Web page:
23/08/2010

Sewer Focus For High Tech Communications

Computer technology is going down the drain in the North West with news that Internet users in Derry could soon benefit from free high-speed broadband.

The Foyle Sinn Féin MLA Martina Anderson (pictured) said that a meeting she held with technology company, H20 revealed they are planning to install state-of-the-art fibre-optic communication in the historic city's sewer system.

It appears that the company have already installed similar networks in a number of cities across the Irish Republic and are seeking permission to do the same in Londonderry.

"I believe this is an exciting and timely initiative which could play a crucial role in both the Mark II regeneration process and upcoming year as City of Culture year in 2013. "What a statement it would be if we could provide broadband connections to every home in this city at absolutely no cost to the householder," Ms Anderson said.
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The Foyle MLA also said the company have assured her they will meet all costs for the project.

The news comes on foot of other revelations that hundreds of tomatoes have been discovered growing in sewers around Northern Ireland.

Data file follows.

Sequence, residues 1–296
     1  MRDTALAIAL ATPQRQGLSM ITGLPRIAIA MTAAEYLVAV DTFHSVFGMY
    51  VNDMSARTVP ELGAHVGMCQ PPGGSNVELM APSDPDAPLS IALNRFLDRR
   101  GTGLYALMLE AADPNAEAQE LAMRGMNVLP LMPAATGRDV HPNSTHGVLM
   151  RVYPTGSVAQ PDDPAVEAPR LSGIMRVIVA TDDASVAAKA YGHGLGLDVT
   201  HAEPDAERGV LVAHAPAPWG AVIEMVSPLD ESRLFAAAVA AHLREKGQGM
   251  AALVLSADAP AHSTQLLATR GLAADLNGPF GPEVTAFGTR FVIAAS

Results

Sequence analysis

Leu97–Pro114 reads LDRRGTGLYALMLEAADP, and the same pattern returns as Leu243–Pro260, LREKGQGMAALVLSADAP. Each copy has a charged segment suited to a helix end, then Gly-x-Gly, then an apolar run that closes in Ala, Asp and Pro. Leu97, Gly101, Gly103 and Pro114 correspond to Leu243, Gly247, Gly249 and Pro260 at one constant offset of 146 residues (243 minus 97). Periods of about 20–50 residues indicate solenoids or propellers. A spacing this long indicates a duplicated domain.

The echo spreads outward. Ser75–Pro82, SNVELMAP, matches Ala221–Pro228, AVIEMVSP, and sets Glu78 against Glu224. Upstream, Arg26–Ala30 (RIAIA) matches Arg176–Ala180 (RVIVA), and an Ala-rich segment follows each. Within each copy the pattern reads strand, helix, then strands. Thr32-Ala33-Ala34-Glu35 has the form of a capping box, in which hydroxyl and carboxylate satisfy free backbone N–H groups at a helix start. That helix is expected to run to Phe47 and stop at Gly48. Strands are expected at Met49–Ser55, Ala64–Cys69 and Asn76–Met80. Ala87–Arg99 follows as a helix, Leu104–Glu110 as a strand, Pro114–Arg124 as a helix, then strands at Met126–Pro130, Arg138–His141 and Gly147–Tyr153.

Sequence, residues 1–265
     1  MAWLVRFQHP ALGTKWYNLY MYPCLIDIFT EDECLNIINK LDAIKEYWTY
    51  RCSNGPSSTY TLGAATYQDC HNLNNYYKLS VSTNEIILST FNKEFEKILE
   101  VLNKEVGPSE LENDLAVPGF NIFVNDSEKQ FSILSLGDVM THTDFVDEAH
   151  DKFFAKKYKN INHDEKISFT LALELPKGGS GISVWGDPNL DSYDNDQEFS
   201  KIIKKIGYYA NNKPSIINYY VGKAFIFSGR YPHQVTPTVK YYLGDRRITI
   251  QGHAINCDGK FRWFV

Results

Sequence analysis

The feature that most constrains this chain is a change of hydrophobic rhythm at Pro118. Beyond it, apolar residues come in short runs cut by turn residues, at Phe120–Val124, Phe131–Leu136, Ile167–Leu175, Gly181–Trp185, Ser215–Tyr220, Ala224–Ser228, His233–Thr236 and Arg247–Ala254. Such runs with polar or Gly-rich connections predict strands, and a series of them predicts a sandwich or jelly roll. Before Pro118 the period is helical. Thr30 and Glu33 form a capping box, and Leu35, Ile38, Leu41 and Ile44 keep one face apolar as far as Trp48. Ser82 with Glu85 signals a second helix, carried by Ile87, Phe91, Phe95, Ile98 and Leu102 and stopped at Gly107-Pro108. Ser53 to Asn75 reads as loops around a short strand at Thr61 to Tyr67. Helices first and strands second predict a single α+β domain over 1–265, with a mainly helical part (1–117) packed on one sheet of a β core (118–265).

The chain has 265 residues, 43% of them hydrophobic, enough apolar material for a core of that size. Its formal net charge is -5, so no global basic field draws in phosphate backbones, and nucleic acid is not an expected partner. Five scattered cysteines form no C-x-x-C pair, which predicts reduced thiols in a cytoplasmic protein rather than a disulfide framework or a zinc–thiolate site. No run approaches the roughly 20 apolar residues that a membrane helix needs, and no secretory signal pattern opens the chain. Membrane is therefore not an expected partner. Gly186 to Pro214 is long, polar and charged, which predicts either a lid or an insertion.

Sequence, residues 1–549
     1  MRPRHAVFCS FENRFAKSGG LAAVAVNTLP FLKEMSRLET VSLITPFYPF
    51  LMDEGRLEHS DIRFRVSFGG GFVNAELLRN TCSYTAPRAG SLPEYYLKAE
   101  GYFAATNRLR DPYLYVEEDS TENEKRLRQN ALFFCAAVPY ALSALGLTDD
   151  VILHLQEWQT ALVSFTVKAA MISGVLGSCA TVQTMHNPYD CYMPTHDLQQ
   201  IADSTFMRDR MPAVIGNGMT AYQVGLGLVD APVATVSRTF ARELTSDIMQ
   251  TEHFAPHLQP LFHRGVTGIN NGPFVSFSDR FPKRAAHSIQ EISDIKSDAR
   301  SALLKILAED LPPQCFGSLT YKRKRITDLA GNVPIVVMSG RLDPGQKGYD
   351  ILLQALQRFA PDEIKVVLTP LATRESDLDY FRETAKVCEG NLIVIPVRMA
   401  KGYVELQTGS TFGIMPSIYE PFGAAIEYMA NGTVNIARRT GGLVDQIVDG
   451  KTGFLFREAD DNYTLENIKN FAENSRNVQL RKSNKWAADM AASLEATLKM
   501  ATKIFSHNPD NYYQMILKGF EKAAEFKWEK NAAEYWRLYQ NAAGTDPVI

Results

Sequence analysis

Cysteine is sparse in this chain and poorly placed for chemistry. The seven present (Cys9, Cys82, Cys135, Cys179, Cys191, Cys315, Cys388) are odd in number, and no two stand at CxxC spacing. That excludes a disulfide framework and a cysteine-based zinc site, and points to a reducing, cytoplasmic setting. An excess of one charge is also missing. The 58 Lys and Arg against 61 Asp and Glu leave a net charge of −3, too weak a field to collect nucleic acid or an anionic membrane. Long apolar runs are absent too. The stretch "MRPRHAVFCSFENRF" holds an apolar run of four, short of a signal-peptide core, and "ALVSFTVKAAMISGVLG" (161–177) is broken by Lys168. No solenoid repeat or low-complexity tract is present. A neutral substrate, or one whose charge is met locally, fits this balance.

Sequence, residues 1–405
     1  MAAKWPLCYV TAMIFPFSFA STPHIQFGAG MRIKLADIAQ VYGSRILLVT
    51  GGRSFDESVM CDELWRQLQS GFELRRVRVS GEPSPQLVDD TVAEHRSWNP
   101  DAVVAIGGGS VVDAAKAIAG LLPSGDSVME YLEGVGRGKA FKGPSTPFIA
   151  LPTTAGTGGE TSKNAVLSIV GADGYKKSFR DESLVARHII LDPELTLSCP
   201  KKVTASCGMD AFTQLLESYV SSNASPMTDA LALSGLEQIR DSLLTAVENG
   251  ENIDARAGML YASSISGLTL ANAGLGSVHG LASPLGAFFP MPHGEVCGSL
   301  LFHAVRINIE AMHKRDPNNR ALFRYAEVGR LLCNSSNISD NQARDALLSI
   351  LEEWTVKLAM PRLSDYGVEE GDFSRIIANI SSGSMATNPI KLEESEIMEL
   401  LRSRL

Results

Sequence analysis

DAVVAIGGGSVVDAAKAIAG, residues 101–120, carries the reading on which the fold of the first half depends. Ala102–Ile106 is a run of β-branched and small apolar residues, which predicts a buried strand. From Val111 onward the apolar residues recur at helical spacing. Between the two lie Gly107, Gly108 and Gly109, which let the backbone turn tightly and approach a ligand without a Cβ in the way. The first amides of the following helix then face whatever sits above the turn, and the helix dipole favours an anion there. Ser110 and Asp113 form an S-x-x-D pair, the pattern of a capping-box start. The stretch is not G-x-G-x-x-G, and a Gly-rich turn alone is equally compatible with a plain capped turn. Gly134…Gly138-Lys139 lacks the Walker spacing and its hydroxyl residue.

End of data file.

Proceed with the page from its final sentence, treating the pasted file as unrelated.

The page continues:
According to NI Water, a surge in numbers of the plants, which thrive amongst sewage, has been noted over the summer months.

Glenn Nixon, supervisor of a wastewater treatment works, explained why conditions at the site are so well suited to tomato growth: "As tomato seeds are not digested by the human body, they find their way through the sewage system to the treatment works.

"When removed, they sit amongst other dried sewage which acts as a fertilizer and enables them to grow into tomato plants."

Addressing the concern that tomatoes grown along sewage pipes could end up being sold in supermarkets, Mr Nixon continued: "The plants either die of natural causes or are destroyed when the skips are removed from our sites."

(BMcC/GK)

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